Holland’s UNESCO World Heritage Sites

The Netherlands boasts an impressive 10 UNESCO World Heritage Sites, one of which isn’t even in the Netherlands, but in the Caribbean. However, for the 9 that you will find in the actual country of the Netherlands, there’s a fantastic collection of both architectural and natural sites that epitomise Dutch ingenuity, beauty and diversity.

Windmills of Kinderdijk

Built in 1740, these 19 windmills cover the green land of Kinderdijk and make for a stunning skyline, especially at sunrise and sunset. Surrounded by grasslands and marshes, these windmills stand tall above them. It harks back to a bygone time, making you feel as if a time traveller as modern civilisation is nowhere in sight. As water is a prominent feature of the landscape, you can even take a boat tour through Kinderdijk, admiring the windmills as you sail beneath them.

 

Photo: Dmitry P

Beemster Polder

Beemster Polder, originally a lake, is a stretch of land that was drained in the 17th century. Over 7000 hectares, it is an intricate web of canals that were utilised by the farmers and merchants of the day. These rich folk settled here, building mansions and manors, some of which still stand today. It is a truly charming landscape with an interesting history.

 

Photo: Johan van der Wijk

Canals of Amsterdam

These beautiful, quiet canals fed the city’s economic and commercial industry during the Dutch Golden Age and are, unsurprisingly, a feature on this list. It is also where Bloemenmarkt, the world’s only floating flower market, sits. Wander through the canal’s ring system, or take a cruise down the water itself and surround yourself with the Flemish architecture and tall merchant houses. The evening cruises are particularly picturesque as the city is illuminated in warm lights, leading the buildings and bridges to become reflected in the darkened waters.

 

Photo: Pixabay 1919021

Wadden Sea

Between Den Helder in the Netherlands and Esjberg in Denmark lies the Wadden Sea. It covers a Dutch Conservation Area and German National Park and is, for those reasons as well as others, a fascinating natural wonder. During different tidal times the seascape begins to change, you may even find the seabed exposed at times. Be sure to keep an eye out for seals and harbour porpoise, too, common inhabitants of this charming area. Characterised by its mudflats, marshes and meadows of long seagrass, it is truly beautiful to behold.

 

Photo: Pixabay evondue

Defence Line of Amsterdam

This 135km defence line surrounds the country’s capital and consists of 42 forts. Begun in 1883, it was finalised in 1920 and is the world’s only fortification based on the principle of controlling water. Unfortunately, it became redundant almost as soon as it was completed. However, for its demonstration of modern Dutch genius UNESCO deemed it a World Heritage Site in 1996.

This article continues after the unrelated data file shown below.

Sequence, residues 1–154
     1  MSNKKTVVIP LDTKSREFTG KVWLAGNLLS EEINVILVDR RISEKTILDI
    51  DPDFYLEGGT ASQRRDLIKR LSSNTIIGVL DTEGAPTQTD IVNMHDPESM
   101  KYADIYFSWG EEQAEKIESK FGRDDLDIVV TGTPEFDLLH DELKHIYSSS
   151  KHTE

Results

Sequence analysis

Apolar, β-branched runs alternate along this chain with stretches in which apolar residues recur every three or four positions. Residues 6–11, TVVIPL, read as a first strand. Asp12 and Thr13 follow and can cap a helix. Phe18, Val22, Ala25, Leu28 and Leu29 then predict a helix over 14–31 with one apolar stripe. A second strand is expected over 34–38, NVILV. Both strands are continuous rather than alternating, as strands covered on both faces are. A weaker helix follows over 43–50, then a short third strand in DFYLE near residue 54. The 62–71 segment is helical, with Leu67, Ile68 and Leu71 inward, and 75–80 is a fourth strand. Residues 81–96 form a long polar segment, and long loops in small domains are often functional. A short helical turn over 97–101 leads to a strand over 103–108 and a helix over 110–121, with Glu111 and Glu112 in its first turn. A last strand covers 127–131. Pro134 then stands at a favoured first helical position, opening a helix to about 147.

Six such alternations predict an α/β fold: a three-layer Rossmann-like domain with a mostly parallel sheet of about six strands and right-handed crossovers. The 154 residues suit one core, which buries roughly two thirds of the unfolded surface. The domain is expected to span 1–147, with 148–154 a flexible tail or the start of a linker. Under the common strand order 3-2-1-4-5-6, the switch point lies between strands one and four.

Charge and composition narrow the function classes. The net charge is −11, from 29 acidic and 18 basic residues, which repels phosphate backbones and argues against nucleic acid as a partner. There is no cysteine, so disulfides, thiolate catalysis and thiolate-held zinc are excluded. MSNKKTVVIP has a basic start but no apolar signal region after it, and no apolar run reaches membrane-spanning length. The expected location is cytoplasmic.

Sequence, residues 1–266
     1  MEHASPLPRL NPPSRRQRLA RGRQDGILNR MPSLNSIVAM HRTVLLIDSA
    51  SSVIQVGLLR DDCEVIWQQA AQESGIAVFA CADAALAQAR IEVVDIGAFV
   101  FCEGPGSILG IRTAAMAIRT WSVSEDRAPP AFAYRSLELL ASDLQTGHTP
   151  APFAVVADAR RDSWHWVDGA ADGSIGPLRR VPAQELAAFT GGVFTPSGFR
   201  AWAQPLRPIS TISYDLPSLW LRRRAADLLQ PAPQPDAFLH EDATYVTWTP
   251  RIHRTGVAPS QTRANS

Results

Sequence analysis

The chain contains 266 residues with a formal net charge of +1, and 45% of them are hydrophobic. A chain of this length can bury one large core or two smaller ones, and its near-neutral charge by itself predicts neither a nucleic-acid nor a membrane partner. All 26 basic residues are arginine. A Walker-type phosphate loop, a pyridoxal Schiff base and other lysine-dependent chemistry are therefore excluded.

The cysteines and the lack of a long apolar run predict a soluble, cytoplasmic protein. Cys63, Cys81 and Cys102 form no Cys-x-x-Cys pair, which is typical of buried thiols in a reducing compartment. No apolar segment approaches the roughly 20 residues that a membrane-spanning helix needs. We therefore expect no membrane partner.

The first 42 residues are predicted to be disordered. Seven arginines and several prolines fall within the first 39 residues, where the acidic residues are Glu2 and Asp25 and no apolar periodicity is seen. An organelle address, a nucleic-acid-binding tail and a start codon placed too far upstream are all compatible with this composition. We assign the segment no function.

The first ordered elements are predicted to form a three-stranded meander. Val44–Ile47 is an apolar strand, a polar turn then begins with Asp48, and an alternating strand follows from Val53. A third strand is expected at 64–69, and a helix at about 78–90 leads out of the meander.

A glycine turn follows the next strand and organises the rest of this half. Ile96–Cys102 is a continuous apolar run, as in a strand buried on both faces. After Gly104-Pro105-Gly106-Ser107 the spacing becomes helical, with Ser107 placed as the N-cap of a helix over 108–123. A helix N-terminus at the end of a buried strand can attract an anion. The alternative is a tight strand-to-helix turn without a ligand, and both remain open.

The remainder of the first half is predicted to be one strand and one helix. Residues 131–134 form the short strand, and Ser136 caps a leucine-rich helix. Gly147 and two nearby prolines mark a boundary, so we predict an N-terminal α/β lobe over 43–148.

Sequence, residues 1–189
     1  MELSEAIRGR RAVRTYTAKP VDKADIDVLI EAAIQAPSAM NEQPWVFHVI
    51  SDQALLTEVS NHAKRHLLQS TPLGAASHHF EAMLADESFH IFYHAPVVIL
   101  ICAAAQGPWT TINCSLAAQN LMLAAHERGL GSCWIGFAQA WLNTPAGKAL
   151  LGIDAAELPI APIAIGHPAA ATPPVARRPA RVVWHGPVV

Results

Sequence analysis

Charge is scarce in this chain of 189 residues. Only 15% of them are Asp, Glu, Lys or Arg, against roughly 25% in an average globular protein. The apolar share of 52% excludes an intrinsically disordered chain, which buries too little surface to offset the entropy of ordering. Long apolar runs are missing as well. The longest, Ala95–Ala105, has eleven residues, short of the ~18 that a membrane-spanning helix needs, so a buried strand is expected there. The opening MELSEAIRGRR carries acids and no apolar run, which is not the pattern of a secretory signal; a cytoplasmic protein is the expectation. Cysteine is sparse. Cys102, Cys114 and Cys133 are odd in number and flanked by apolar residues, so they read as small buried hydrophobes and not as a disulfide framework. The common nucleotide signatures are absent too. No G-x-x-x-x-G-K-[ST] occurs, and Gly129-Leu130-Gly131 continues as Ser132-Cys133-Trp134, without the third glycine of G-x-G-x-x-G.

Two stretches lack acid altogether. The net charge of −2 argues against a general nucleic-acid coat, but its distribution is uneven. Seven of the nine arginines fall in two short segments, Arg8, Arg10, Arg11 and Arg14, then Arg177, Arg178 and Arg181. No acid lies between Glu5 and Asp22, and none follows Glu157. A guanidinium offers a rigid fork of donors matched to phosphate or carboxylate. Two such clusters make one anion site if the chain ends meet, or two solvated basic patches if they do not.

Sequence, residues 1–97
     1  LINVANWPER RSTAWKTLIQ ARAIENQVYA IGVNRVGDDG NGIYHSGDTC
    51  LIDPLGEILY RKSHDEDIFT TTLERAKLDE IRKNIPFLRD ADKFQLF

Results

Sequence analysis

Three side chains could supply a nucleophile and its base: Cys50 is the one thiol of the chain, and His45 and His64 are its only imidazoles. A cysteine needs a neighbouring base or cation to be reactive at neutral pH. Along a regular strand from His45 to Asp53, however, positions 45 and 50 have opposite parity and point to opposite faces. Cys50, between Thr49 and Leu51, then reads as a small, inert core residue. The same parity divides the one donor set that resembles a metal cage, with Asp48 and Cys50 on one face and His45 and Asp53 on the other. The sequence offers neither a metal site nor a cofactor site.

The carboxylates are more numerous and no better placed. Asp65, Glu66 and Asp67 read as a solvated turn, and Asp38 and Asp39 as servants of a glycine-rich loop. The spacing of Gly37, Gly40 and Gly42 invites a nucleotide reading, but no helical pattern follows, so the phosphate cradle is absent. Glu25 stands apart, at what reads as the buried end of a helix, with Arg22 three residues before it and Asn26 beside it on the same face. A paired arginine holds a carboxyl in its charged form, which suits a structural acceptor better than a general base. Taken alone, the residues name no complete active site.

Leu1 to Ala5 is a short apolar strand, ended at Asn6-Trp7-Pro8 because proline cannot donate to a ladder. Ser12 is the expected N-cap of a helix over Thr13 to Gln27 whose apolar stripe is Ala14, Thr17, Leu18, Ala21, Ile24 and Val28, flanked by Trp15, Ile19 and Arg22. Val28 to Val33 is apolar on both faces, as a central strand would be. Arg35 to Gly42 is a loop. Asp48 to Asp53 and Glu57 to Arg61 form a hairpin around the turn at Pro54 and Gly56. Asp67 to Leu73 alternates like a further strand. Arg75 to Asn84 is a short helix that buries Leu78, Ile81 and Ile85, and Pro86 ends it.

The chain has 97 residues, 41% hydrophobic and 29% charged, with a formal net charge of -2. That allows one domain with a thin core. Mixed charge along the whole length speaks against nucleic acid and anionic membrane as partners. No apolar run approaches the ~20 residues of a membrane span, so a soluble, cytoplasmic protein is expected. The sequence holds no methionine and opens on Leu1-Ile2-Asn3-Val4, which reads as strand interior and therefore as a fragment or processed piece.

Photo: Johan Wieland

D.F. Wouda Steam Pumping Station

Opening in 1920 towards the end of the steam area, this is another example of Dutch intellect with hydraulic engineering. Though the machines are nearly 100 years old, this pumping station in Lemmer remains in pristine condition. It is the largest ever steam-pumping station and is still in operation today. Taking full advantage of the publicity UNESCO brings, the station has packages for schools, cruises and even weddings. Water surrounds the town itself, which has become famous for its water sports.

 

Photo: Jac. Janssen 

Rietveld Schröder House

This family home is a fantastic architectural tribute to the De Stijl movement, a powerful artistic style developed in the 20th century. The focus in De Stijl art is on the use of primary colours and black and white, as well as using only angular shapes. The house, built in 1924, looks as though it has jumped straight out of a Piet Mondrian painting and stands out predominantly in comparison to the standard Dutch housing that surrounds this masterpiece.

 

Photo: Gavin Schaefer 

Schokland and Surroundings

Originally a peninsula, Schokland became an inhabited island in the 15th century. However, it had to be evacuated in 1859 as the sea began to creep further inland. In the 1940s this surrounding water was drained. It is now accessible to the public and is a remarkable site to visit. It will prove fascinating to any and all history buffs as it is a protected archaeological site, with prehistoric remnants dating back to the Neolithic period.

 

Photo: bert knottenbeld 

Van Nellefabriek

Van Nellefabriek is the newest addition to Holland’s UNESCO World Heritage list, only becoming a member of this prestigious club in 2014. On the banks of a canal in Northern Rotterdam, this structure is an iconic piece of Dutch modernist architecture. Described as the building of “steel and glass”, the building incorporates a strong theme of Western European industrialisation, making it a paramount feature in modern history.

 

Photo: Vincent van der Pas

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